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Ghost Effects

 

In search of first-class fuzz

 

Ghost Effects
 
Warmjet
The 'Warmjet V'

Fuzzboxes – where would rock 'n' roll be without them?


Almost since the dawn of the electric guitar itself, musicians have been devising ways to distort the sound the instrument makes. 'Fuzzboxes' – effectively small amplifiers designed to be overdriven – became the most popular means of achieving these effects. Early effects boxes used transistors to clip sound waves and prevent the natural decay of notes, leading to the distinctively distorted guitar tone heard on tracks such as The Kinks' 'You Really Got Me' and The Rolling Stones' '(I Can't Get No) Satisfaction'. Delay, sustain and wah-wah are just some of the more well-known foot-operated effects.


By a happy accident, Rapid sells almost all of the components that are needed for a maker of effects pedals – such as enclosures, foot switches, resistors, capacitors, potentiometers, diodes, knobs, batteries, jumper wires, op-amps and transistors – and we have many customers who rely on us for their products. Little did we know how prized some of our vintage transistors were until Marc Ahlfs of US-based Skreddy Pedals said a few years ago that we were his only global source for the BC npn highgain transistor.


Ian Sherwen, who makes and sells guitar pedals under the name Ghost Effects from his home in Birmingham, is an equally loyal customer of Rapid. He has always used effects pedals but it is only relatively recently that he has become involved in making them.


Ian's are an attractively-designed range of effects with names like 'Lunar Incantation', 'Warmjet V' and 'Silicon Pep Box'. They are usually inspired by vintage boxes which Ian embellishes, for example by adding features such as tone control through output capacitors.



Eddystone enclosure
From this, an Eddystone enclosure ...
Lunar Incantation
... to this, the 'Lunar Incantation'
 
Dizzy Tone
The circuit or 'guts' of a 'Dizzy Tone'

"The Warmjet is based on the WEM Project V pedal made famous by Brian Eno on his Here Come the Warm Jets album", says Ian. "It's still very much under the radar but Freddie Cowan from The Vaccines bought two last year." The 'Silicon Pep Box' is a version of the WEM Rush Pep Box from the 1960s that was allegedly used by The Beatles on Revolver, and was featured on some of the early recordings by Birmingham indie electronica band Broadcast. Ian's version is based on the original unit borrowed from Tim Felton of Broadcast/Seeland.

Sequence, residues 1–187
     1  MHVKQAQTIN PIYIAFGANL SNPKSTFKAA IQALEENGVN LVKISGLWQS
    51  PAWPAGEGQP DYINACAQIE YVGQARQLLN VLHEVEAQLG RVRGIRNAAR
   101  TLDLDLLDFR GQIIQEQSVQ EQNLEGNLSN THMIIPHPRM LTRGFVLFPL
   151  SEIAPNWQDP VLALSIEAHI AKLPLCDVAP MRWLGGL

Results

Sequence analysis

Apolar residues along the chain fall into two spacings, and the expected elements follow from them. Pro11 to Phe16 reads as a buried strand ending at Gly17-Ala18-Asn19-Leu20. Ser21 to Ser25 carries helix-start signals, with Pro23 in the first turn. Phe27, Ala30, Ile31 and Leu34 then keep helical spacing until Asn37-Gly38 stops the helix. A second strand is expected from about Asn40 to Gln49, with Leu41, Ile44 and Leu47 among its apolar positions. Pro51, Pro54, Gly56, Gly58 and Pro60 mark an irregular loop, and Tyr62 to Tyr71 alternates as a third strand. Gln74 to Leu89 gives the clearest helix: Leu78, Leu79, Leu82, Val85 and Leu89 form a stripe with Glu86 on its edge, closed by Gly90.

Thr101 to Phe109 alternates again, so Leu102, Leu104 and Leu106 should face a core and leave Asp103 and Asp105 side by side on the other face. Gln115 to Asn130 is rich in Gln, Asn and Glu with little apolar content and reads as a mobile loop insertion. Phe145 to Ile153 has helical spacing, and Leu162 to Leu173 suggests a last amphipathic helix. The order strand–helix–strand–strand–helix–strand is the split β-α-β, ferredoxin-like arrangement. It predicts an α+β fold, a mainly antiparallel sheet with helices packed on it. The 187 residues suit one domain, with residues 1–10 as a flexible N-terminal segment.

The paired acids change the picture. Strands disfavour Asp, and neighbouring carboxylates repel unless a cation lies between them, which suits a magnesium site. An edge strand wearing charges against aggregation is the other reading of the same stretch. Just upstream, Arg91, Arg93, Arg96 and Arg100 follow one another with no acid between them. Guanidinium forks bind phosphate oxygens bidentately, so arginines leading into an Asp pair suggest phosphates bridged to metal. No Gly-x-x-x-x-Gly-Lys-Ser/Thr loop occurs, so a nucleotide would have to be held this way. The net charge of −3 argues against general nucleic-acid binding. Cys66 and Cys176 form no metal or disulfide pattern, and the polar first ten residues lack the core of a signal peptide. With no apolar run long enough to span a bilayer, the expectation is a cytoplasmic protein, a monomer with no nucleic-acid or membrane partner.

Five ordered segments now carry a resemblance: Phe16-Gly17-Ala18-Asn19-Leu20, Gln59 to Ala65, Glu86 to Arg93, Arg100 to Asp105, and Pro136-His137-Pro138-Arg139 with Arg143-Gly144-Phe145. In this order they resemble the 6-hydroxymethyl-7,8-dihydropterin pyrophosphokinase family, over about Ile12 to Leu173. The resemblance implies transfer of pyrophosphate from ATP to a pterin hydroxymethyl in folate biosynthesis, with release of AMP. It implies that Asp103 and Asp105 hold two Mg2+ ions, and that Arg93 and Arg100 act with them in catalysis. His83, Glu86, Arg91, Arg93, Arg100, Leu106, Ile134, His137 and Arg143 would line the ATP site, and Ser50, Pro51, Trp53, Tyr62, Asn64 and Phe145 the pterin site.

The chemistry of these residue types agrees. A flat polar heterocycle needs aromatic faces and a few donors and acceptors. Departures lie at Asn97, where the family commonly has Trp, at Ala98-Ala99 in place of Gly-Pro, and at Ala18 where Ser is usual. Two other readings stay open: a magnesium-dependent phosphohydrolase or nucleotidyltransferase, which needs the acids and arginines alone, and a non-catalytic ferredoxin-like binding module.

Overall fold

Ian takes as much care about the look of his effects as their 'guts' or circuitry. He uses nothing but 'Eddystone' die cast aluminium enclosures for his cases, having them professionally powdercoated and screenprinted with vivid colours and striking designs. You don't have to be a guitar player or even a big music fan to see the appeal of these hand-made devices, with their vintage switches, components and analogue audio aesthetic – or the satisfaction that comes from making and testing them.


So how did Ian get into the effects pedals business?


"I started off circuit-bending keyboards and children's toys to create musical instruments that I would use, influenced by Brian Duffy from the Modified Toy Orchestra. This led to making a few guitar pedals for myself and learning more about electronics in general, from books, manuals, and online resources. I started selling keyboards and pedals, mainly on Ebay. I soon decided to focus just on making guitar pedals around ten years ago"


Ian has some rich and varied musical influences, ranging from the ambient and psychedelic sounds of Can, Soft Machine and Brian Eno to the hard rock of Black Sabbath, the classic studio pop of The Beach Boys and alternative rock of Sonic Youth. He also plays guitar in his own band, Night Trips. As with many effects pedals makers, he is guided by a desire not only to reproduce the tone of his heroes but also to improve upon it. "I am interested in the circuits themselves, how they sound, what can be done to change what they do to the sound, how to maybe update the circuit into something more useful than the original it is based on."


Why 'Ghost Effects'?


"When I got the opportunity to clone an Elka Dizzy Tone from 1966-67 I decided I would do a run with screenprinted cases, so I had to come up with a definite name for the company. I went with 'Ghost Effects' as I was viewing the pedals as ghosts of old circuits. It seemed to make sense at the time and I think it worked great later on with the 'WEM' Ghost logo that designer Mark Murph did for me."


With a few exceptions, Ian sources most of his components from Rapid.


"I think the prices and customer service has always been good. I usually buy enough to get the free delivery which is excellent. There are some things I buy elsewhere but I think it’s more important that I can get a lot of supplies all in one place."


Effects is a competitive market, with numerous independents like Ian competing with big names like Marshall and Behringer. However there still seems to be an open source spirit similar to the programming or 'maker' community, where knowledge is pooled and designs are shared. Ian makes a point of showing the circuitry of all his effects boxes and even sells some of the custom PCBs on eBay.


http://www.ghosteffects.co.uk


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